2. I agree with Rand. I have often been my loneliest in a crowd, and I think most people probably have. And I most certainly agree that solitude is necessary for real creativity. I totally love your last sentence. I'm going to remember it and use it someday.

  3. I love how your post started out as the pink dot and grey squares, and then had a mind of its own! This was an interesting post...I've always been interested in the introvert/extrovert comparison, being an introvert that's pretty good at faking it when I have to be extroverted!

  4. Beautiful, decorative design! I am sure the world runs best with a combination of extroverts and introverts, but sometimes it seems that extroverts think their way is the right way. And it's really too bad, because it means they don't want to understand what would make someone different.

    On the other hand, dividing people into any groups at all always runs the risk of creating an us vs. them phenomena. Oh geez, I'm rambling. Great post!

  5. You always pack such intense thoughts and feelings in a wonderful post. I always sought alone time as a kid, growing up in a home with six brothers & sisters! Being alone was precious and treasured and it still is, although my family thinks, I'm in the "zone" to much! LOL! Great post as always...

  6. I think what we do is isolating in it's way. We paint or write in solitude for the most part. I think it is also a way for our minds to go to the netherland where we are creative.
    Blogs are a nice way of reaching out to others that are creative. I am inspired and learn so much from what others have to say.

  7. Letting your image do it's thing produced a lovely result. Isolation can be inspiring.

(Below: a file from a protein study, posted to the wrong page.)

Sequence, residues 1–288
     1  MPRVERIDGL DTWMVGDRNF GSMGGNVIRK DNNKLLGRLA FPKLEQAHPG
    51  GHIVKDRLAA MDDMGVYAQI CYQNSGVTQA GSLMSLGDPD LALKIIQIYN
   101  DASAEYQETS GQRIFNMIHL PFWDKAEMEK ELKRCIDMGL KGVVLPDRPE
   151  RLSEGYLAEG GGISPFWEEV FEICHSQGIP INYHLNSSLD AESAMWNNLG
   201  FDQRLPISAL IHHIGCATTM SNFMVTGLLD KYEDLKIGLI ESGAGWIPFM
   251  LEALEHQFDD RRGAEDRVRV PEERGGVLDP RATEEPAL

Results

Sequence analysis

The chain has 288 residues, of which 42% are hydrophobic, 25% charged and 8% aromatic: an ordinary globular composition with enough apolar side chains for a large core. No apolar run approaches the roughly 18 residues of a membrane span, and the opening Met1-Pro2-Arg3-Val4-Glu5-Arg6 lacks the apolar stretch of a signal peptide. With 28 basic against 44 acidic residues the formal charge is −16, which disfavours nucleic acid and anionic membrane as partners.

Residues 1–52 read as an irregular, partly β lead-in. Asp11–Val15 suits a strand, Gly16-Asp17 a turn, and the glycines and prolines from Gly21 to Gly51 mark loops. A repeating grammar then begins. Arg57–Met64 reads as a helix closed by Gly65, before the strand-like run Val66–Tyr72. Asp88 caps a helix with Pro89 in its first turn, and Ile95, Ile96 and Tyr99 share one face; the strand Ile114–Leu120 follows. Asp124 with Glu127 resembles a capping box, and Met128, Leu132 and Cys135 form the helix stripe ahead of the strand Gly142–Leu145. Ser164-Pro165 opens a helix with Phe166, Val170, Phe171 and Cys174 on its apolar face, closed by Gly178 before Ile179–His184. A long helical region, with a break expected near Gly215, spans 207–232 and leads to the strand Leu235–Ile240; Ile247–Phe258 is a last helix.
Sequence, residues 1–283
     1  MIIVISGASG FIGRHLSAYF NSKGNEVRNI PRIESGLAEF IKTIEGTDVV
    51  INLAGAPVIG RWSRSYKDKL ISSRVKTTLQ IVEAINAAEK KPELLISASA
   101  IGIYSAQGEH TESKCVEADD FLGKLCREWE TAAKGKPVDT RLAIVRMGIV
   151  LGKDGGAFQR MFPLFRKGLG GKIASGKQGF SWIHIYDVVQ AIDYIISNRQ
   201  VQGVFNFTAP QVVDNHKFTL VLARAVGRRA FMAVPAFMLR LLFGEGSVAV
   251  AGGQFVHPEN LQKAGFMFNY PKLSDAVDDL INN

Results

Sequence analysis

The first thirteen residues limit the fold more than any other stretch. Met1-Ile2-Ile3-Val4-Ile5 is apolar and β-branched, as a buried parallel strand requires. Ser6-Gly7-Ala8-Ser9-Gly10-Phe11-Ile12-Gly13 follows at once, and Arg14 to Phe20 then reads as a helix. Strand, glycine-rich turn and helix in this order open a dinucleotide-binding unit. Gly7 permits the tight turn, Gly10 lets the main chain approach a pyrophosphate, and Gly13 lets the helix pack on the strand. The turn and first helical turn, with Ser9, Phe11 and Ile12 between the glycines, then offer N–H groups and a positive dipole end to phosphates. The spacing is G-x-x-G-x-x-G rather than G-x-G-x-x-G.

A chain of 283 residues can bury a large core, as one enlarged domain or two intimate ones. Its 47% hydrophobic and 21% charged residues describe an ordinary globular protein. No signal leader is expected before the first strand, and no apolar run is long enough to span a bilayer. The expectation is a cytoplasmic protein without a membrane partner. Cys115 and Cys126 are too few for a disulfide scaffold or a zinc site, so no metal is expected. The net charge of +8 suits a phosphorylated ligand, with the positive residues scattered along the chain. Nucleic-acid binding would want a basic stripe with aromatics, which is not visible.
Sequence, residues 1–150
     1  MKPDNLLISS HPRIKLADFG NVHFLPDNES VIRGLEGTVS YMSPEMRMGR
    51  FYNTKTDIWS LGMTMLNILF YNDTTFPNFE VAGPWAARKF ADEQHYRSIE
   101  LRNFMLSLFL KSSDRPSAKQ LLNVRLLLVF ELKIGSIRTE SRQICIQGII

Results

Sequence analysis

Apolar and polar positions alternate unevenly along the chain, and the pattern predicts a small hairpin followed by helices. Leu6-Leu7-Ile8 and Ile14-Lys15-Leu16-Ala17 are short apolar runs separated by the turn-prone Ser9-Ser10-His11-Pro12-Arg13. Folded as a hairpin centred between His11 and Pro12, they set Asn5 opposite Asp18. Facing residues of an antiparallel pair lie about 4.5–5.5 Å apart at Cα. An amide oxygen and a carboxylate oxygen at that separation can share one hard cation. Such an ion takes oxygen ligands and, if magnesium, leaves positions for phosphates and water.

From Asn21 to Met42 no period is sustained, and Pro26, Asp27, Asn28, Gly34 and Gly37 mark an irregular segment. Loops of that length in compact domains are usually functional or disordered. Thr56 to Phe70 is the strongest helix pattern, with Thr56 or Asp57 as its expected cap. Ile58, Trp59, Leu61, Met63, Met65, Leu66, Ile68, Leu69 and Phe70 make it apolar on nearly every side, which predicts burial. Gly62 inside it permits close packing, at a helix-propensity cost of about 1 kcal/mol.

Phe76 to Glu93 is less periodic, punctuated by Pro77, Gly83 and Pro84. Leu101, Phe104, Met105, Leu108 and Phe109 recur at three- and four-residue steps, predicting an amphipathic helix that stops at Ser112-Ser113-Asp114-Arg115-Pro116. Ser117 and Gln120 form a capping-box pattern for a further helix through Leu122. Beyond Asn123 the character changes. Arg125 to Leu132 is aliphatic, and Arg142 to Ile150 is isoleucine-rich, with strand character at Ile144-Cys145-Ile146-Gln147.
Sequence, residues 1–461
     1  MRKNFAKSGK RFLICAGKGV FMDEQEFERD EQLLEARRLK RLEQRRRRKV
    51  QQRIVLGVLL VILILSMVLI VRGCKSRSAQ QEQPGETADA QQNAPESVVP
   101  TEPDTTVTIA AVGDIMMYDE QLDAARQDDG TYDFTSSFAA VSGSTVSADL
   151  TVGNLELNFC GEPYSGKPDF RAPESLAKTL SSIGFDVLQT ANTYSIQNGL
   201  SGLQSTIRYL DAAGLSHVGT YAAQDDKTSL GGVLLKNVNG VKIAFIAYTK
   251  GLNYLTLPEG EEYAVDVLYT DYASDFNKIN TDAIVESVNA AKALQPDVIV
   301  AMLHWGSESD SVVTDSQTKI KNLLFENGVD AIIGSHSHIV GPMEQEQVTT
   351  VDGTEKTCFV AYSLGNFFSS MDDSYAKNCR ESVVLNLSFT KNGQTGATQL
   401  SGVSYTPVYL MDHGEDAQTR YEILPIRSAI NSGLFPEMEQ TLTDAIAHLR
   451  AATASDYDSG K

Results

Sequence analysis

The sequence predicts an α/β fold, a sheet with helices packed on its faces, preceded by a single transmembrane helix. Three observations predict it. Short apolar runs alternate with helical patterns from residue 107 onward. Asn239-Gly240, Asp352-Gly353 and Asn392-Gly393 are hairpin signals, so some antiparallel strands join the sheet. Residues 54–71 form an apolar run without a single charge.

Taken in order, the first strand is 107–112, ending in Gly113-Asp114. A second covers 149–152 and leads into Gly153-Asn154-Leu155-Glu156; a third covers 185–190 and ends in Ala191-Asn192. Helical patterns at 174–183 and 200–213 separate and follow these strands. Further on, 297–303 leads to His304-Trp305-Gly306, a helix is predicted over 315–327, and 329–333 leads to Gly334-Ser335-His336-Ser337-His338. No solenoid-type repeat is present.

8. Thanks everybody! I think most artists have an introspective side, but are any of us entirely one way or another? It just keeps life interesting :)

  9. I've been wondering lately if there's something wrong with me because I prefer my own company above all...but I know for sure that, as an artist, this is where the best and the deepest art comes from. Thank goodness for email, it's so much easier to touch heart-to-heart with a friend...and then get back to that fruitful solitude. Excellent post, my dear! Sweet, delicate artwork too. :-)

  10. I was an only child and had to be creative myself. I definitely have lonely moments even now because being a stay at home artist can be isolating. But I'm not complaining mind you.

  11. nice subtle color shifts...
    I agree about your radio program's take on introverts. Stellar bosses are extroverts with empathy who know that people work differently than each other, and allow for each to shine uniquely.

  12. The only times I remember being lonely was during my twenties, on occasions when I didn't have people to "hang out" with on a Friday or Saturday night, and sometimes on a Sunday when my friends were spending time with their relatives. I lived away from mine and envied how they all gathered for Sunday dinner.

    That phase dissapated as I learned to enjoy the peace and solitude of being alone. I'm very social, however, reading and writing is all I need at times... or a nice walk or jog. :)

    1. Today, your image is "pretty." :)

  13. Lovely illustration, Linda. And I totally agree with you that one needs to become introspective to tap into creative energy.
    I read a book by John Cowper Powys on 'A Philosophy of Solitude' and enjoyed it very much. There is value in solitude as well as in being surrounded by good friends.
    Wishing you a lovely August.

  14. So much creative beauty from a solitary pink blob :)

  15. Thanks for the comments everybody!!

  16. I've been away for a while but wanted to comment on this illustration. It's gorgeous - and I have only a small idea how you got to it from the single dot in the grey field. I keep thinking of the larger picture as set in an alcove in a wall, the center of attention, calm and colorful. Thanks so much for sharing!